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Illustration for ‘De Nouveau au-dessus de Denver’, from La Nouvelle Chute de l'Amérique, 1992

Etching with Aquatint
13 9/10 × 18 9/10 in
35.4 × 48 cm
This is part of a limited edition set.
£12,000
location
London
Certificate
Certificate of authenticity
This work includes a certificate of authenticity.
Have a question? Read our FAQ.
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About the work
Shapero Modern
London
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Etching with aquatint, 1992, on 250-gram Velin d’Arches paper, initialled and numbered from the …

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Etching with aquatint, 1992, on 250-gram Velin d’Arches paper, initialled and numbered from the edition of 80, printed by Atelier Dupont-Visat, L’Inediteur, Paris, published by Les Editions du Solstice, Paris, 35.4 x 48cm, 18 15/16 x 13 15/16 in.

Medium
Print
Signature
Hand-signed by artist
Certificate of authenticity
Included
Roy Lichtenstein
American, 1923–1997
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When American Pop artist Roy Lichtenstein painted Look Mickey in 1961, it set the tone for his career. This primary-color portrait of the cartoon mouse introduced Lichtenstein’s detached and deadpan style at a time when introspective Abstract Expressionism reigned. Mining material from advertisements, comics, and the everyday, Lichtenstein brought what was then a great taboo—commercial art—into the gallery. He stressed the artificiality of his images by painting them as though they’d come from a commercial press, with the flat, single-color Ben-Day dots of the newspaper meticulously rendered by hand using paint and stencils. Later in his career, Lichtenstein extended his source material to art history, including the work of Claude Monet and Pablo Picasso, and experimented with three-dimensional works. Lichtenstein’s use of appropriated imagery has influenced artists such as Richard Prince, Jeff Koons, and Raymond Pettibon.

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View in room
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About the work
Shapero Modern
London
Follow

Etching with aquatint, 1992, on 250-gram Velin d’Arches paper, initialled and numbered from the …

Read more

Etching with aquatint, 1992, on 250-gram Velin d’Arches paper, initialled and numbered from the edition of 80, printed by Atelier Dupont-Visat, L’Inediteur, Paris, published by Les Editions du Solstice, Paris, 35.4 x 48cm, 18 15/16 x 13 15/16 in.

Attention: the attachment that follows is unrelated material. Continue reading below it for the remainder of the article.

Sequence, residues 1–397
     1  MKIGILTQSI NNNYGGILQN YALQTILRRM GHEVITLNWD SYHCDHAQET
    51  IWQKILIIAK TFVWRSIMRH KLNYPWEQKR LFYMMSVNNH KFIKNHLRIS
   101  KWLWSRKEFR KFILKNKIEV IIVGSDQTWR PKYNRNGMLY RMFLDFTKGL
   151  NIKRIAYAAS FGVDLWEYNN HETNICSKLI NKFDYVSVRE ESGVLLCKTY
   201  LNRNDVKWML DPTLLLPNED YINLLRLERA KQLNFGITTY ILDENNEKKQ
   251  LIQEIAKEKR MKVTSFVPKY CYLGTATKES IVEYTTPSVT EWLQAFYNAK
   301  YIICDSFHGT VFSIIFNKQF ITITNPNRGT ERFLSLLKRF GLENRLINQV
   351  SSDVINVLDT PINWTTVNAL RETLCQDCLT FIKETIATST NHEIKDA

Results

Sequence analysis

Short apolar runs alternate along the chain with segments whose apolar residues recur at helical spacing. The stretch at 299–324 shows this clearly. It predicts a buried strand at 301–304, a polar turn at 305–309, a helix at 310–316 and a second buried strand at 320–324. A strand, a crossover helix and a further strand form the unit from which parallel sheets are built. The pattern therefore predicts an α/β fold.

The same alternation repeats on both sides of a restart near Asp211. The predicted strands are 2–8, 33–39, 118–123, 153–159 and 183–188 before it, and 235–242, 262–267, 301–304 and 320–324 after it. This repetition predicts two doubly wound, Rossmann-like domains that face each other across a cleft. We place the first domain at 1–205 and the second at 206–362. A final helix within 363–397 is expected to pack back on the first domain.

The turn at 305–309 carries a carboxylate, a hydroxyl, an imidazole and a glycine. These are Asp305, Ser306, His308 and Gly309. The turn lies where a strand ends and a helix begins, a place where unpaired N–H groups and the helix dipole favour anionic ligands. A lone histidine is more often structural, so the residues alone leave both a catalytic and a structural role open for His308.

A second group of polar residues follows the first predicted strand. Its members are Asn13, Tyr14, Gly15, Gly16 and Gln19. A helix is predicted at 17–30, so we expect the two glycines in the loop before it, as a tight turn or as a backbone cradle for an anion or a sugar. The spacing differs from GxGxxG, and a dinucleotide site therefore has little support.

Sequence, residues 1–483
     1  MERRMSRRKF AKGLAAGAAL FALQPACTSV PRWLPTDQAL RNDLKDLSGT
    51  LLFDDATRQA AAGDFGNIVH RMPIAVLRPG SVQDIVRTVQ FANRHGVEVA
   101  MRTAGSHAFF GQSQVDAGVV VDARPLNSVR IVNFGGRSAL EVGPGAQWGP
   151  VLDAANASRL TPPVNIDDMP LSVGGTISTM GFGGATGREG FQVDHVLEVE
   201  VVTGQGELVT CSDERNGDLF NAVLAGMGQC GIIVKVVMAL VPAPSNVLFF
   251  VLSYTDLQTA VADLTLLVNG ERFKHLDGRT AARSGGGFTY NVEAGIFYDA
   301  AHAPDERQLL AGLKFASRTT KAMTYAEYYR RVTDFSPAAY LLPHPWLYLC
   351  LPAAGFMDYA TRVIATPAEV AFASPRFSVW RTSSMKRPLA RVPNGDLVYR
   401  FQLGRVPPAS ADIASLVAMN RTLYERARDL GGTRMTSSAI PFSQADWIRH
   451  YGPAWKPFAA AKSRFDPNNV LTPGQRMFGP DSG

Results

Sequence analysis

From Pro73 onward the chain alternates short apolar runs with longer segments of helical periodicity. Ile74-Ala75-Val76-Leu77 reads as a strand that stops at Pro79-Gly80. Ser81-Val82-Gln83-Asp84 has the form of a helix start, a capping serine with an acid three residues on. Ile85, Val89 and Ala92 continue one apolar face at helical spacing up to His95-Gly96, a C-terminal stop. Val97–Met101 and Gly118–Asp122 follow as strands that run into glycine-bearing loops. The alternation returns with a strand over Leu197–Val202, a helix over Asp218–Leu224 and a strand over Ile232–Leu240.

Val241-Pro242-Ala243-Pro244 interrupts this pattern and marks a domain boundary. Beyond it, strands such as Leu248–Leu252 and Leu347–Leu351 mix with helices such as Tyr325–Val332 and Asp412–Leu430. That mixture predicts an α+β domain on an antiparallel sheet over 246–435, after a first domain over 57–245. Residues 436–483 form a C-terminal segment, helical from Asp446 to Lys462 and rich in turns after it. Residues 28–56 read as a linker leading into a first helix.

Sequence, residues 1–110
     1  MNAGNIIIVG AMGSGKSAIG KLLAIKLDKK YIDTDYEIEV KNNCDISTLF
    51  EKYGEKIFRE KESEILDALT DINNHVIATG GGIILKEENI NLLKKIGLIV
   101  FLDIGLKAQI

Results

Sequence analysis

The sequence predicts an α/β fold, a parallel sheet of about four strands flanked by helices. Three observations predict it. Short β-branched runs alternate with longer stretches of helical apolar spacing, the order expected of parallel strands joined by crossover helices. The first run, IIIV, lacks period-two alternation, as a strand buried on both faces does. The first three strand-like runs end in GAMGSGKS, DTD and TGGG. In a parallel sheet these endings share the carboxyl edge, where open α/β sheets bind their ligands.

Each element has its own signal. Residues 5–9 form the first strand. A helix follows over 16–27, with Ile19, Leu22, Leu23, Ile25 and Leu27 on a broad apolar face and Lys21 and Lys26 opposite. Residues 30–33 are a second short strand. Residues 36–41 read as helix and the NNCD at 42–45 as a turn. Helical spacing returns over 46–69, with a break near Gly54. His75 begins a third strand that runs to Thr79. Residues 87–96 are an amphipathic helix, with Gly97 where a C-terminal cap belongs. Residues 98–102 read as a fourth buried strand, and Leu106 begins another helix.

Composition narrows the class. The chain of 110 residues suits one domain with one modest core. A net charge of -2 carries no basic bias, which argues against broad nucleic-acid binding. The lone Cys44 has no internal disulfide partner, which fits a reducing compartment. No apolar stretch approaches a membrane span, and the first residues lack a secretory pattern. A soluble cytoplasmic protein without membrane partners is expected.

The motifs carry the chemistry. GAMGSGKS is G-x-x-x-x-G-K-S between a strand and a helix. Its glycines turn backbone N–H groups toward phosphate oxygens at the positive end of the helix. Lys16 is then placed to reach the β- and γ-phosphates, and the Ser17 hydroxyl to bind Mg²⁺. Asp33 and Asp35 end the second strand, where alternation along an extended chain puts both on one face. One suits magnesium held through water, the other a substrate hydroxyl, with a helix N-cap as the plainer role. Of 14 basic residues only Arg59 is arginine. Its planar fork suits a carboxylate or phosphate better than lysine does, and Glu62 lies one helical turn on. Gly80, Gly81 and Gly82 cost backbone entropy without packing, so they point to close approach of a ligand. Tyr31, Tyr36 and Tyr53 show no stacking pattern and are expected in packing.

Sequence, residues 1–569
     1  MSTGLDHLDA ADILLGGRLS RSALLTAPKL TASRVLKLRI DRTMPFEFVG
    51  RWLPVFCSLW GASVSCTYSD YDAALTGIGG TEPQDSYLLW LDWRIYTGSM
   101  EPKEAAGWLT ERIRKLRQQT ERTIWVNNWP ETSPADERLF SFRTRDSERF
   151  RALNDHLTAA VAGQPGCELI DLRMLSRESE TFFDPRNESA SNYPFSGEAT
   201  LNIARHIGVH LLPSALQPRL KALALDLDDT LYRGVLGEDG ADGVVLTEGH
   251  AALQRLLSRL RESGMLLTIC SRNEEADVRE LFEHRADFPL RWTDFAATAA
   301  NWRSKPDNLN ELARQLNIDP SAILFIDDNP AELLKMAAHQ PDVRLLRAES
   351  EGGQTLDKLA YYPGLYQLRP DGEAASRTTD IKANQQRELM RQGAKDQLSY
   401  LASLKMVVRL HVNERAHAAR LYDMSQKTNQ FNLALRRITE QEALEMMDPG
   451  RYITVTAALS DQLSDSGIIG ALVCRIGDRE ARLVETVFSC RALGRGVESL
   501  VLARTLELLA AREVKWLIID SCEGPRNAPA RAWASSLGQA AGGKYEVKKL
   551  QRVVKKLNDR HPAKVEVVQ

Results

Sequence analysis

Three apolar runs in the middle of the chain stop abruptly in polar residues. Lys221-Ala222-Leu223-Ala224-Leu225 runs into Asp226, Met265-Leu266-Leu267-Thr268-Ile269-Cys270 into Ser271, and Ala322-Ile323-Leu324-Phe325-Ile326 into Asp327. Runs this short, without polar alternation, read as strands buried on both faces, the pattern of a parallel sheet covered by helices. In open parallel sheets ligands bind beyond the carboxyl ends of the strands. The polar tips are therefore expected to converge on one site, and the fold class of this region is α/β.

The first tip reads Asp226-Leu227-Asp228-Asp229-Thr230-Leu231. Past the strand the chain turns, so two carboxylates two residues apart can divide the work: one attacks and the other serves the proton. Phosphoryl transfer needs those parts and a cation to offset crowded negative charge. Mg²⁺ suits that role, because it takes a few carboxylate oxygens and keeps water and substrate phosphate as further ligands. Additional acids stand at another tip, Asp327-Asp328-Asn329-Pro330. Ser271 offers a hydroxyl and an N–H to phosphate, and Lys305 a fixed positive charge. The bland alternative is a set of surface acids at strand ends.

Medium
Print
Signature
Hand-signed by artist
Certificate of authenticity
Included
Roy Lichtenstein
American, 1923–1997
Follow

When American Pop artist Roy Lichtenstein painted Look Mickey in 1961, it set the tone for his career. This primary-color portrait of the cartoon mouse introduced Lichtenstein’s detached and deadpan style at a time when introspective Abstract Expressionism reigned. Mining material from advertisements, comics, and the everyday, Lichtenstein brought what was then a great taboo—commercial art—into the gallery. He stressed the artificiality of his images by painting them as though they’d come from a commercial press, with the flat, single-color Ben-Day dots of the newspaper meticulously rendered by hand using paint and stencils. Later in his career, Lichtenstein extended his source material to art history, including the work of Claude Monet and Pablo Picasso, and experimented with three-dimensional works. Lichtenstein’s use of appropriated imagery has influenced artists such as Richard Prince, Jeff Koons, and Raymond Pettibon.

Illustration for ‘De Nouveau au-dessus de Denver’, from La Nouvelle Chute de l'Amérique, 1992

Etching with Aquatint
13 9/10 × 18 9/10 in
35.4 × 48 cm
This is part of a limited edition set.
£12,000
location
London
Certificate
Certificate of authenticity
This work includes a certificate of authenticity.
Have a question? Read our FAQ.
Want to sell a work by this artist? Consign with Artsy.
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